Hospice of the Foothills closes compassionate care home — after opening with fanfare in 2008.

Editor’s note:  The Compassionate Care Home opened with much fanfare in 2008. Now it is closing. Some background also is here (see page 6). Our local newspaper needs to “dig deeper.” Here’s the press release:

“Hospice of the Foothills will be closing the Compassionate Care Home, a 12-bed hospice inpatient facility built with the generous donations of our community, effective January 1, 2016.

“Hospice of the Foothills will continue to provide all programs and services associated with patient care and family support where the patient lives; whether in their home, assisted living facility, or skilled nursing facility. ‘It’s been an extremely difficult decision to come to,’ said Carolynn Peterson, Hospice of the Foothills’ Executive Director. ‘The home has been operating at a loss for over 5 years, and we can no longer sustain the expense of operations, including around-the-clock staffing of the Compassionate Care Home. In order to preserve the viability of our core services, which is hospice care for patients and families in their homes, it was the only decision the Board of Directors could make,’ continued Peterson. ‘We are extremely proud of the comfort and care we have been able to provide to the more than 500 patients and their families during the time the Compassionate Care Home has been open. I want the community to know, Hospice of the Foothills will continue to provide the same quality end-of-life care we have provided for over 36 years.’

“Hospice of the Foothills will maintain ownership of the Compassionate Care Home. Negotiations are currently underway to lease the inpatient facility portion of the building to a third party. ‘The home was conceptualized and built based on demographics and incoming retiree projections from 10+ years ago,’ said Peterson. ‘The financial crisis of 2008 changed all of that by delaying or altering retirement plans for many people. We anticipate this area will support a hospice inpatient facility in the future, and we plan to have the Compassionate Care Home ready when it is needed,’ she added.”

Author: jeffpelline

Jeff Pelline is a veteran editor and award-winning journalist - in print and online. He is publisher of Sierra FoodWineArt magazine and its website SierraCulture.com. Jeff covered business and technology for The San Francisco Chronicle for years, was a founding editor and Editor of CNET News, and was Editor of The Union, a 145-year-old newspaper in Grass Valley. Jeff has a bachelor's degree from UC Berkeley and a master's from Northwestern University. His hobbies include sailing and trout fishing.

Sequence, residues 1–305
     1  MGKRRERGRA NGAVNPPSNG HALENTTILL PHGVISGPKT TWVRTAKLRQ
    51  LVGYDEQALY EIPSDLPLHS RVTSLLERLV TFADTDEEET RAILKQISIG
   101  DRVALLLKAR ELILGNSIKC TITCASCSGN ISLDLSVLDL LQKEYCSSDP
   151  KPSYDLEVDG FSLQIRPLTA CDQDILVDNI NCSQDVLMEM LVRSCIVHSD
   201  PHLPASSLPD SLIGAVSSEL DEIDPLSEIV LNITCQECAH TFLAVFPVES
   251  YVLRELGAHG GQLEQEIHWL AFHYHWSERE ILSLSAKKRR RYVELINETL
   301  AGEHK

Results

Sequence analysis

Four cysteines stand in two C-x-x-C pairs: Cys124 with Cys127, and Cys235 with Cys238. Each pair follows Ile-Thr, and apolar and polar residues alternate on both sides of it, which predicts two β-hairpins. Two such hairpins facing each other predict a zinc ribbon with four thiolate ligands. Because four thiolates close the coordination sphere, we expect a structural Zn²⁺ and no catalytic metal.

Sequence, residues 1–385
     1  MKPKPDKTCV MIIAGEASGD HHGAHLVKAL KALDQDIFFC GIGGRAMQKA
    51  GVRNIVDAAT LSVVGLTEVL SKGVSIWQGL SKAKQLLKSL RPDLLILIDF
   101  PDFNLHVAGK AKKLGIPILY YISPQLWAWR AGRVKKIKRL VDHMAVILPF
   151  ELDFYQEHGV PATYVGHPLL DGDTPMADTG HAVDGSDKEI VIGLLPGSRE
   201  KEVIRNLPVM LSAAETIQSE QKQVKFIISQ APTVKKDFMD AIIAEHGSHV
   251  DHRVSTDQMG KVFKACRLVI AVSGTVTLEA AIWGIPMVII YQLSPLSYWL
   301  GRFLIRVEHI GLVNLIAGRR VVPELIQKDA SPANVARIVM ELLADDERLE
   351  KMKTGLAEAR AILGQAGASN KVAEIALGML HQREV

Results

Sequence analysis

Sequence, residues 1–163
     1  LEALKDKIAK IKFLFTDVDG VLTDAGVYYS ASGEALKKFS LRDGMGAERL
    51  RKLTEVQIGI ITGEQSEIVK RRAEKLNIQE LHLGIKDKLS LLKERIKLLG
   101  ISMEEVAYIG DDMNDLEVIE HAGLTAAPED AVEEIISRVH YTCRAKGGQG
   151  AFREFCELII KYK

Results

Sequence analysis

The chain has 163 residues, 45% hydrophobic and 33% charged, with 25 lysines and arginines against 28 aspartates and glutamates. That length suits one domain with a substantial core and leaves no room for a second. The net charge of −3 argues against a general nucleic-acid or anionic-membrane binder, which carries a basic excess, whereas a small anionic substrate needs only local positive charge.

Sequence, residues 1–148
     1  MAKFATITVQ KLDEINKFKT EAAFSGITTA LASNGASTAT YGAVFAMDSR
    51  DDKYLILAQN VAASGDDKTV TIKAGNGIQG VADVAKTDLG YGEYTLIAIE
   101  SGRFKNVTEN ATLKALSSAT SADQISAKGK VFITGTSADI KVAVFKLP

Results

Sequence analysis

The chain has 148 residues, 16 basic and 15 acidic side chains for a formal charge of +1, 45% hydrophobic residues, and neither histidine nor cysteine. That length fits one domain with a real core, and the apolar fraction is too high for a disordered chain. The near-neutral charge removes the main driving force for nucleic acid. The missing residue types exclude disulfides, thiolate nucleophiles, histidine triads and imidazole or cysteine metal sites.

4 thoughts on “Hospice of the Foothills closes compassionate care home — after opening with fanfare in 2008.”

  1. The Union should “dig deeper,” focusing on the debt from this project, service of debt, management, cash flow, etc. I’ll be it doesn’t, though. Too sensitive for Jim Hemig and Brian Hamilton.

    Meanwhile, how are things going over at the CORR building?
    That project also has some debt to be serviced.

    And it should be a “cautionary tale” for the proposed Dorsey Marketplace.

    It’s one thing to “build ’em”; it’s another to sustain ’em.

    The backdrop of all this: We are a declining aging population with a high ratio of nonprofits to “service.”

  2. This facility was doomed from the start. It offered a beautiful, “Solent Green” type place for people to spend their final days and moments. However, that came at a price – a very high price indeed. When we looked into having my Dad stay there, the costs were astronomical! Yes, they did provide a service of six respite days for people caring for their loved one, but beyond that it was almost impossible for anyone to afford to stay there. I applaud the many volunteers of hospice, as you are their unpaid heroes. Given what the other part of hospice charges for their services, I’m truly appalled. We moved my Dad to assistant living care that cost about $5000/month. The hospice nurse showed up for about an hour a few times a week while he was there. When we received the Medicare statement, it turned out that Hospice charged Medicare even more than that!!! I called Medicare to complain, but they said they didn’t have the resources to look into it. This is why I no longer donate to Hospice of the Foothills,

  3. Shannon and I are so grateful for Hospice of the Foothills, and the amazing caregivers, for helping us care for my mom at our home. But I wonder if the Compassionate Care Home received a rigorous enough analysis: managing the costs of the project and then figuring out how to pay for it. It would be a good exercise for a serious journalist. And it ought to be a cautionary tale for the CORR facility in GV, and any big project for that matter (including the proposed Dorsey Marketplace). Building it is one thing, paying for it is another. We are a declining population in our community, yet we keep building things on the hope that this will somehow change.

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